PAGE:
Dodgers’ Joc Pederson: Rookie All-Star


It’s safe to say that many people expected the Los Angeles Dodgers to be at the top of their division at this point in the season. What many people probably didn’t expect is that they would be led not just by a few veterans, but by their 23-year-old kid centerfielder, Joc Pederson.

When the Phillies and Dodgers begin a four-game series in LA on Monday, the Phillies’ Maikel Franco and Dodgers’ Pederson—two of Major League Baseball’s top rookies, will be showcased in a city most well-known for its motion picture industry. And as with all good movies, people can’t wait to see what the spotlight brings for these two young stars.

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Franco has been impressive since earning his call to the major leagues in May, hitting 10 taters and driving in 34 runs in 45 games. Like Franco in Philly, the Dodgers’ Pederson has taken the spotlight in Southern California, leading the Dodgers in home runs and leading the National League Rookie of the Year race as we approach the All-Star Break.

Unlike many of the top prospects in the game, Pederson wasn’t a highly regarded top draft pick. The Dodgers’ selected him in the 11th round of the 2010 MLB Amateur Draft out of Palo Alto High School (CA). Despite not being seen as a top pick, he sure would play like one as his professional baseball career began.

Pederson’s first full season was 2011, when he began the season in the Pioneer League with the Ogden Raptors. Pederson quickly displayed his ability to hit by smacking 11 taters, and found himself near the top of nearly every batting category. His .353 average was fourth best in the league, and he ranked in the top three in hits (94), RBIs (64), OBP (.429), and OPS (.997). The 6’1’ 215-pound outfielder even showed off some wheels, swiping 24 bases, tied for third best in the league.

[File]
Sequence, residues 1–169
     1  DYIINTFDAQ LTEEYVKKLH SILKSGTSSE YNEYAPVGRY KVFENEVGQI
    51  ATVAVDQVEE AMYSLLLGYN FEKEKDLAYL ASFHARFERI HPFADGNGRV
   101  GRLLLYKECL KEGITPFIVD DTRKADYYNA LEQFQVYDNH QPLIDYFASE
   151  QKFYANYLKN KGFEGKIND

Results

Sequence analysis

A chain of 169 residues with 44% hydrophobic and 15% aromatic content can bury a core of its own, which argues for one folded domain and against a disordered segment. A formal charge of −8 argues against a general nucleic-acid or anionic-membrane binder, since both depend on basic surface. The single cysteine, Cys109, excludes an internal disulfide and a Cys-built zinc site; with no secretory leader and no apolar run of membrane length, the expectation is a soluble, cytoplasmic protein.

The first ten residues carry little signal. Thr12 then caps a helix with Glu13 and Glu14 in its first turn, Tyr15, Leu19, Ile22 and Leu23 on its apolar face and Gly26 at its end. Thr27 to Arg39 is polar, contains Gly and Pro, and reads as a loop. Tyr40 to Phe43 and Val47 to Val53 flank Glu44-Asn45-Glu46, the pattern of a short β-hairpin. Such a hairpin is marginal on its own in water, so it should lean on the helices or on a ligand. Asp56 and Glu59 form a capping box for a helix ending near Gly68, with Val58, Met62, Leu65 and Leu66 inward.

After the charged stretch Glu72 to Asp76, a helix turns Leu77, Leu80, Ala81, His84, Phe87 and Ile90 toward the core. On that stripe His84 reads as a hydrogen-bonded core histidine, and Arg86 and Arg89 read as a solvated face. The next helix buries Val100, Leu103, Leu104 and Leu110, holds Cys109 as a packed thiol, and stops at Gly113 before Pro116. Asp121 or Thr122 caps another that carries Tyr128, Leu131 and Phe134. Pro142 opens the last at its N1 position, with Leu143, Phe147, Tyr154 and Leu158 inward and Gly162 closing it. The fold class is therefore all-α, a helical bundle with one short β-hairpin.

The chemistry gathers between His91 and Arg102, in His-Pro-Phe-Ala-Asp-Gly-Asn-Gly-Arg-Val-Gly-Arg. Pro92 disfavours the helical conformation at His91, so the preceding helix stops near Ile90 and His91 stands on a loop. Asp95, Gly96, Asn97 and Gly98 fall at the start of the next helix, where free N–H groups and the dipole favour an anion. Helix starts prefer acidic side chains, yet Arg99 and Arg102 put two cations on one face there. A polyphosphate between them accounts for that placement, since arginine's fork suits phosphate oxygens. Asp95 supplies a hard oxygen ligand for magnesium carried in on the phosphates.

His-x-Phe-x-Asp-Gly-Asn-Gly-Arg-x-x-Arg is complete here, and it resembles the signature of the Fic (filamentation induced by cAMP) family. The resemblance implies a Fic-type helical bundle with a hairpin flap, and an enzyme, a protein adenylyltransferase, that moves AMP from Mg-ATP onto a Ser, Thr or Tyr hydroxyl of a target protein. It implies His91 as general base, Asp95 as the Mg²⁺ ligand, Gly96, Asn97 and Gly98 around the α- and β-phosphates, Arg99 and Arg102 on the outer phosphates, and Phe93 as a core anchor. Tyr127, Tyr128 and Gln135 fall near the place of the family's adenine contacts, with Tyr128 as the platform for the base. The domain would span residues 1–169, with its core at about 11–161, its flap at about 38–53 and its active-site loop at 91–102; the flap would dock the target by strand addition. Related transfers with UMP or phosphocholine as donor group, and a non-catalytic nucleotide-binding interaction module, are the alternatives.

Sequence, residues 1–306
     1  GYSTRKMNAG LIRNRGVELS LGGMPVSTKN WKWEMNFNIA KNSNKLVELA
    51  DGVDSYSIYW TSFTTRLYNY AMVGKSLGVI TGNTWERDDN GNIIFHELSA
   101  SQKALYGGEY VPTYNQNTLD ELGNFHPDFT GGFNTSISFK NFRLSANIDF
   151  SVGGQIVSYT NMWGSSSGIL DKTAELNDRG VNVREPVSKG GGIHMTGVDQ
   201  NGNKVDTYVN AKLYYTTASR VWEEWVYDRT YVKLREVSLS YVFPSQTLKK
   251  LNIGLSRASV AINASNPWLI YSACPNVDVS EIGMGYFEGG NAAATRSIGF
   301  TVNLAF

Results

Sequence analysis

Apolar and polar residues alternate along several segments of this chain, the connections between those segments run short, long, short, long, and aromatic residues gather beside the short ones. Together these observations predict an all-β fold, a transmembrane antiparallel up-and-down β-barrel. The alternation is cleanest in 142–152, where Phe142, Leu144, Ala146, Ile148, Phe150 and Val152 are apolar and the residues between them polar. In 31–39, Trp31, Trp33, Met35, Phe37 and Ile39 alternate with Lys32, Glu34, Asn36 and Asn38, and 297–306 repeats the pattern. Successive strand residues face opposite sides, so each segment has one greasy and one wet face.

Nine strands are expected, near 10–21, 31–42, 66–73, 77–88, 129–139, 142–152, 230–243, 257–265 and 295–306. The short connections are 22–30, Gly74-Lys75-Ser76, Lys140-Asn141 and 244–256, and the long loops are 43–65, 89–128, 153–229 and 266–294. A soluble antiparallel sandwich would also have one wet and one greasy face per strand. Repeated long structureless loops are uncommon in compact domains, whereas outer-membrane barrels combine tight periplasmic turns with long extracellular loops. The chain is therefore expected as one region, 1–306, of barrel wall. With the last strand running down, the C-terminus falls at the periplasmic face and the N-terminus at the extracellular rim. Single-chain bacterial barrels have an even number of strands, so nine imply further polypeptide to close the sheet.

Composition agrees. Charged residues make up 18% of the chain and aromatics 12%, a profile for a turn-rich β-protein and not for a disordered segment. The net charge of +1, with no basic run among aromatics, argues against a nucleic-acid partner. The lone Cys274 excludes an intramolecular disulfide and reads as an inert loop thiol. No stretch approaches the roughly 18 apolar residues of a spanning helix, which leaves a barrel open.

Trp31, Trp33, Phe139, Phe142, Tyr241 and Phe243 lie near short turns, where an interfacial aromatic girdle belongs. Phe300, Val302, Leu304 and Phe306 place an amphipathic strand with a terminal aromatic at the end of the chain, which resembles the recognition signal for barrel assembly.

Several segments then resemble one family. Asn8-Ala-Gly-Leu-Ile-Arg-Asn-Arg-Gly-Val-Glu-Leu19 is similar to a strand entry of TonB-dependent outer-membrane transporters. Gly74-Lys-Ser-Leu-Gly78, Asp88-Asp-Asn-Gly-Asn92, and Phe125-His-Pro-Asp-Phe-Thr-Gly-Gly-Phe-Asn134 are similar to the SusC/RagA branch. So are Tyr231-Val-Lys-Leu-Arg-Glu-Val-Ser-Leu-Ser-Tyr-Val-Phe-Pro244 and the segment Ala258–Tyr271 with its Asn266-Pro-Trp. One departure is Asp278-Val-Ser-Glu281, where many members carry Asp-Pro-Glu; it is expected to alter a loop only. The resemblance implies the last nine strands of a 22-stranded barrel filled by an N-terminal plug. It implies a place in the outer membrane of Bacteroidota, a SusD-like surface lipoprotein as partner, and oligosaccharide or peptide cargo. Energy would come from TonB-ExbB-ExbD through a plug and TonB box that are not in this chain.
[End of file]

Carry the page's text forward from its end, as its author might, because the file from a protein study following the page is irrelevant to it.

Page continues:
Playing 68 games for the short-season Raptors, Pederson earned a promotion to the Great Lakes Loons of the Midwest League (Low-A), where he would finish the season. People around baseball took notice of Pederson’s strong first minor league season, and he was named a Baseball America Rookie All-Star.

Pederson climbed the organizational ladder once again in 2012, playing the entire season with the Rancho Cucamonga Quakes of the high-A California League. Once again, he made a name for himself at the plate. In 110 games, Pederson batted .313 with 18 home runs and 70 RBIs. He vaulted up to number four on the Dodgers’ top prospects list, quite a jump for a player who was previously ranked 25th after the Dodgers drafted him.

While his 2011 and 2012 seasons were encouraging, it was Pederson’s 2013 season with the AA Chattanooga Lookouts of the Southern League when Pederson established himself as a player the Dodgers could build around in the future. At a level which is usually a tell-tale sign for determining legitimate prospects, he looked very comfortable.